There may be others -- Karen Hughes, or Dan Bartlett -- who have spent more hours fiercely defending the president's inspiring perfection in all things, but no one can be said to have done so with a more zealous disregard for his or her other responsibilities than Gonzales. Given just how far this Attorney General has gone to subvert the mission of the Justice Department and rubber stamp each and every attempt by the administration to declare itself above the law, it's unfathomable that anyone, no matter how corrupt, could possibly have done a worse job.

Gonzales' unswerving fealty to whatever George Bush happens to want to do demonstrates one danger of loyalty, the fact that if its object is less than virtuous, the result is the inevitable corruption of the loyal subject. But loyalty is also the foundation on which cronyism rests.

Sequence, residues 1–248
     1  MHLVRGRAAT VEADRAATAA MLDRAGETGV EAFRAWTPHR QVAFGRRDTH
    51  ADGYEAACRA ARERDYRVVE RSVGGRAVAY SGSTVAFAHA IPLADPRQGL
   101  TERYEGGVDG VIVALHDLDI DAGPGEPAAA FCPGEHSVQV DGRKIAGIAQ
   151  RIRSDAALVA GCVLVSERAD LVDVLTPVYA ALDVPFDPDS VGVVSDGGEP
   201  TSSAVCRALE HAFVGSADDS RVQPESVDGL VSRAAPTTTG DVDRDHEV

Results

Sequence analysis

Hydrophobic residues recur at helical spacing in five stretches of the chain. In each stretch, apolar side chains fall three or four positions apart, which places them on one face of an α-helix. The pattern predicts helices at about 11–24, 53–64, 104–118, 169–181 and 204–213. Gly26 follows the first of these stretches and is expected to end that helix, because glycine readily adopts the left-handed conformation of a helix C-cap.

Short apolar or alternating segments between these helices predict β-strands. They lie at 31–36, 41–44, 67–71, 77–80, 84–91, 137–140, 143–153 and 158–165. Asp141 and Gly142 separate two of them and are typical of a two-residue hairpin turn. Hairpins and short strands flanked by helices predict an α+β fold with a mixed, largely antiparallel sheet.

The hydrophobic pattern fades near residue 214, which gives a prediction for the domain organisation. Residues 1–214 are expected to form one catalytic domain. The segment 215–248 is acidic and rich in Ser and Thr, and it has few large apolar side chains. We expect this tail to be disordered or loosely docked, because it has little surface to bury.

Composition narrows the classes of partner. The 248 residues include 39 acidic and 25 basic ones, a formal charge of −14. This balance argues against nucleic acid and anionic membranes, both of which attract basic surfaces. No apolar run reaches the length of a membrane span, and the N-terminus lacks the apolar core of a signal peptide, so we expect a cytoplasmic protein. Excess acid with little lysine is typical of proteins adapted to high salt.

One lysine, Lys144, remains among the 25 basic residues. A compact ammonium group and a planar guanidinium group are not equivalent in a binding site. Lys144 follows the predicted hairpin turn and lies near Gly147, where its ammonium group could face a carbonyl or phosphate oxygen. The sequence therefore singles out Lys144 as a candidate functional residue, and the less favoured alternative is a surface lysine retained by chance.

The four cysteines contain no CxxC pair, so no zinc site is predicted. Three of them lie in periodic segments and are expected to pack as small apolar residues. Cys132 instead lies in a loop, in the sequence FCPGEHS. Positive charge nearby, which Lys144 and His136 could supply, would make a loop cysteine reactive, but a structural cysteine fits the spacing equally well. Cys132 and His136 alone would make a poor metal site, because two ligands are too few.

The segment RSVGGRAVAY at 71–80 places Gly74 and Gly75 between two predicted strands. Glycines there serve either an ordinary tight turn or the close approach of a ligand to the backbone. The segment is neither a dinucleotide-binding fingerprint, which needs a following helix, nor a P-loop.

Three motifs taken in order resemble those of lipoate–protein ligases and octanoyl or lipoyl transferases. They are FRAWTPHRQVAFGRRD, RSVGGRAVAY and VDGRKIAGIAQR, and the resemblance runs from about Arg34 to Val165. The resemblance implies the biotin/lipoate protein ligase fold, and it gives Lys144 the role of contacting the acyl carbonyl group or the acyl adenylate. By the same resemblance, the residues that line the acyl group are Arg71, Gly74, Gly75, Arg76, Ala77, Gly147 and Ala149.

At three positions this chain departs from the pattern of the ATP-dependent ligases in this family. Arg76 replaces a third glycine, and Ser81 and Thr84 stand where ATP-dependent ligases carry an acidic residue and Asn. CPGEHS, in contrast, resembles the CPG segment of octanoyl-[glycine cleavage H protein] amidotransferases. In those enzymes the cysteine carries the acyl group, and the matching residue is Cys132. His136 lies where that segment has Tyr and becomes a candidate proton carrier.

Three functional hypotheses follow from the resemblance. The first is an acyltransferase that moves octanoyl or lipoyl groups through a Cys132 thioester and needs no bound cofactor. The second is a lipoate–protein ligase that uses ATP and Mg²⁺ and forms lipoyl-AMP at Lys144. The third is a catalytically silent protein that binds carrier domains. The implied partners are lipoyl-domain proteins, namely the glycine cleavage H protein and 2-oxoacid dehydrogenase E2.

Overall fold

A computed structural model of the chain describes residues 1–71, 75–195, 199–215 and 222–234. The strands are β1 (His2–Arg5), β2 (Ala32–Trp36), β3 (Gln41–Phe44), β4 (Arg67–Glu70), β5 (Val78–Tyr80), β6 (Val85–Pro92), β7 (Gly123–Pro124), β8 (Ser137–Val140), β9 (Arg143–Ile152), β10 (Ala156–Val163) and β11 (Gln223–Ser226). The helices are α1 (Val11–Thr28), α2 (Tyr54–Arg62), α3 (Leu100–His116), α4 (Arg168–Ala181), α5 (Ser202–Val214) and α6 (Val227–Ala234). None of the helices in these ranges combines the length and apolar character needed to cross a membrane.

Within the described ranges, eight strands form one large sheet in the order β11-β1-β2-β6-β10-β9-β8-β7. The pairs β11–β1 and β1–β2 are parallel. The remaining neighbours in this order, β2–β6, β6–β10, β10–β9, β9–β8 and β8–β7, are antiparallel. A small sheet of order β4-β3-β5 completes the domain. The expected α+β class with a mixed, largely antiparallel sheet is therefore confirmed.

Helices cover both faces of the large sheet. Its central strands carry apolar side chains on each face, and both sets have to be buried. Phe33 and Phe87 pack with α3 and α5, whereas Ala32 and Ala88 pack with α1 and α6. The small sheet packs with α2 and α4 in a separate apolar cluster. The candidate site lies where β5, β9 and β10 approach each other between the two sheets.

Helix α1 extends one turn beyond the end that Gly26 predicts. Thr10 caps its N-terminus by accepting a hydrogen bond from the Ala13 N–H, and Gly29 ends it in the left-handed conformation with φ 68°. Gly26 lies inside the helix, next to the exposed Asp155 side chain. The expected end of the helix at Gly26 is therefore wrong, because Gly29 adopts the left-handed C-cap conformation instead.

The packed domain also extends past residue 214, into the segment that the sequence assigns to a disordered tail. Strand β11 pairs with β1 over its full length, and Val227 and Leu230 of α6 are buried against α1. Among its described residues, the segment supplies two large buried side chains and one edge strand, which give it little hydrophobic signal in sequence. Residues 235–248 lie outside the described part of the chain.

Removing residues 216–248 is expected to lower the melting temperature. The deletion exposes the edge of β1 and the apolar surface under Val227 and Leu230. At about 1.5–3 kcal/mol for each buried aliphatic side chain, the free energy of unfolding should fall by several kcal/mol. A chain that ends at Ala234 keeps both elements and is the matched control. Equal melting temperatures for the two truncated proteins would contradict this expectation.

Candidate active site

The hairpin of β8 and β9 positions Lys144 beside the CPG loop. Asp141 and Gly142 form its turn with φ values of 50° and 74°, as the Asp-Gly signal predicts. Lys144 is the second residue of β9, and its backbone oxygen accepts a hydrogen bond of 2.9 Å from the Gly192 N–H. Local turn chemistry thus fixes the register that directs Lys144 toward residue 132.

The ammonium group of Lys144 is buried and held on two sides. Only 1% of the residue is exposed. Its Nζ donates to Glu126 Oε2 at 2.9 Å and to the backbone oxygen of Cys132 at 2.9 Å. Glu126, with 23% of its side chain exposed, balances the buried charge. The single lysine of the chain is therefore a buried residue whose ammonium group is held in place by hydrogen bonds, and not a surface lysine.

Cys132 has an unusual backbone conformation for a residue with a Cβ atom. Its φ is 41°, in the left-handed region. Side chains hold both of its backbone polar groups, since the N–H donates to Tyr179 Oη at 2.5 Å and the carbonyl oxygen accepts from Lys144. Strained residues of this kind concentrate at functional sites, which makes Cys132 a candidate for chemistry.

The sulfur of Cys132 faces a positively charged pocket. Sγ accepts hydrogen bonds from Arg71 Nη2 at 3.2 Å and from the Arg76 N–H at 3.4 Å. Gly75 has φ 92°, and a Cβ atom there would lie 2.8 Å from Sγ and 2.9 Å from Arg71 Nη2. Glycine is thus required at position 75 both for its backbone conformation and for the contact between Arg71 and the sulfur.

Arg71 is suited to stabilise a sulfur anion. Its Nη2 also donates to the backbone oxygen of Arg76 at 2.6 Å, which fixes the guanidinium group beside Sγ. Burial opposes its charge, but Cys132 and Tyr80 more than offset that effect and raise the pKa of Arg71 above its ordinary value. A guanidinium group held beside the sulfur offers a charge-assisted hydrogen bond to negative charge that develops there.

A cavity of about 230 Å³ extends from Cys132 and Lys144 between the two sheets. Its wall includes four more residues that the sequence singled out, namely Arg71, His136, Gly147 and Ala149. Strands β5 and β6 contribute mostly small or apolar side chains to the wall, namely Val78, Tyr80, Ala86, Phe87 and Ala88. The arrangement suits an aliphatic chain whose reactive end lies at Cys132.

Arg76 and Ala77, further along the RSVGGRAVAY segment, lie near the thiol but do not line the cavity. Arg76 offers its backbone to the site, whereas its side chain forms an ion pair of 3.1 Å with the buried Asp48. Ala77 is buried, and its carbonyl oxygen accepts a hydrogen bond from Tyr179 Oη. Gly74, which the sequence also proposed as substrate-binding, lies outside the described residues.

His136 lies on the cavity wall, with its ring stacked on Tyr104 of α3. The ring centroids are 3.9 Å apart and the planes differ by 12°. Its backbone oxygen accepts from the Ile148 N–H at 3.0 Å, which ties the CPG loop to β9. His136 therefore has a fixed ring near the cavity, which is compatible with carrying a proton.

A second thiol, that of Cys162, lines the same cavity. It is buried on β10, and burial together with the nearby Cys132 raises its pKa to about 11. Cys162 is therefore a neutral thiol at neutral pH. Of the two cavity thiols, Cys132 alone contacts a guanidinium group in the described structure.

It was loyalty to his old college buddy that led FEMA head Joe Allbaugh to recommend Michael Brown as his replacement (and loyalty that got Allbaugh, who managed Bush's 2000 White House run, his job in the first place). It was loyalty that led Rudy Giuliani to appoint Bernard Kerik -- who embodied a combination of corruption and incompetence that's tough to beat -- to an increasingly critical series of jobs, culminating in his recommendation to Bush that Kerik be nominated as Secretary of Homeland Security. And in one of the most blatant cases, Kyle Sampson, Gonzales's chief of staff, wrote in an email that all U.S. Attorneys who were not "loyal Bushies" should be shown the door. (Sampson went even further to suggest that firing all 93 U.S Attorneys -- and replacing them, presumably, with even-more-loyal Bushies -- would be a good idea "if Karl thinks there would be political will to do it.")